Written by Dr. Kritika Laddha | Medically Reviewed by Dr. Zein El Hammouz, DDS, MFD/RCSI.
Clear aligner technology has evolved drastically in the last two decades. Although clear aligners seem relatively new, the concept of using removable appliances to move and correctly position teeth dates back to the 1940s. The aligners themselves have been modified extensively to increase the efficacy of tooth movements (1).
Several historical breakthroughs paved the way for the modern technology we use in orthodontics today. Here is a brief history:
In 1945, Herald Dean Kesling designed a simple device to guide teeth into their ideal positions (2,3). The tooth positioner device intended to correct mild discrepancies. It was an active orthodontic appliance used in the finishing and retention phases. Even today, its modern version is available at TP orthodontics, Inc, a company founded by Kesling.
Robert John Pointz developed a clear plastic appliance in 1971 for the retention of orthodontic cases. He proposed that the tooth can be moved or repositioned using the appliance. The main advantage of Ponitz’ invisible retainer is the ease of fabrication, insertion, and minimum chair side adjustments of the appliance. They were used for bruxism cases and as splints for trauma cases. (2)
NASA's Advanced Ceramic Research worked with Ceradyne Inc. to develop polycrystalline alumina (TPA). The material is strong, smooth, and transparent and was initially used to make infrared antennae in missile trackers. In 1986, Unitek contacted them when searching for a transparent material for orthodontic treatment. Ultimately, in 1987, Ceradyne and Unitek worked together and developed the first invisible braces (14).
This decade changed the future of orthodontics and brought us the clear aligners we know today. In 1993, John Sheridan developed an Essix aligner system for tooth movement(4). Later, in 1997, two Stanford University students, Kelsey Wirth and Zia Chishti introduced clear aligners named Invisalign (5). They combined aligner therapy with 3D imaging technology, which removed the tedious process of manual fabrication.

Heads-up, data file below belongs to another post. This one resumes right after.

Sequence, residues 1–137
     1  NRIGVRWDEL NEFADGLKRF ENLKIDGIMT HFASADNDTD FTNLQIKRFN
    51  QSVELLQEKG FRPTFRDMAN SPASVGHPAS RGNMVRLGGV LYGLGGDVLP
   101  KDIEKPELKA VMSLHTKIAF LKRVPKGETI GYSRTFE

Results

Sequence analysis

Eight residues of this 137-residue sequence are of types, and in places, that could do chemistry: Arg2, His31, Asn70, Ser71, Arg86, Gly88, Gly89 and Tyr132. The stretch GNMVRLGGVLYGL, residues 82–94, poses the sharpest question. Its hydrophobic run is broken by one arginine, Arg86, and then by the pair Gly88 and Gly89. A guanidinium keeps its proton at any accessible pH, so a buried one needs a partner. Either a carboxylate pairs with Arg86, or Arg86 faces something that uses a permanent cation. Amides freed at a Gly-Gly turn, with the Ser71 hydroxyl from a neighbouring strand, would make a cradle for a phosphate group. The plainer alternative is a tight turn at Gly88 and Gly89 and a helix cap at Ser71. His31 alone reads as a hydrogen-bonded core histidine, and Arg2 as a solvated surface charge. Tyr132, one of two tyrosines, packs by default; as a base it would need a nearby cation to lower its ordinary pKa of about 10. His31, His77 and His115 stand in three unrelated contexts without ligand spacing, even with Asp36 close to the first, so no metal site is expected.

The current clear aligner system combines the principles put forward by Kesling, and others with modern CAD/CAM technology. Here's what present-day clear aligners look like:
Aligners are made of transparent, thermoplastic material and customized to the patient's dental arches. Other materials used in invisible aligners include
Clear aligners should completely seat on insertion. They should not dislodge or lift vertically. The possible margin designs are scalloped, straight cut at the gingival zenith, and straight cut 2 mm above the gingival line(7).
Clear aligner therapy works on the principle of-
A common question is: How much pressure should be applied to move the tooth? We apply forces in predictable rates and amounts depending upon the tooth shape, size, periodontal conditions, and the type of movement required.
In the beginning, aligners used a displacement-driven system with no auxiliaries. Later, auxiliaries were used to enhance the efficacy of orthodontic tooth movements. These included attachments, intermaxillary elastics, and buttons. These help achieve more complicated challenging movements, and increase the predictability of the movements including bodily movements, extrusion, rotations(9).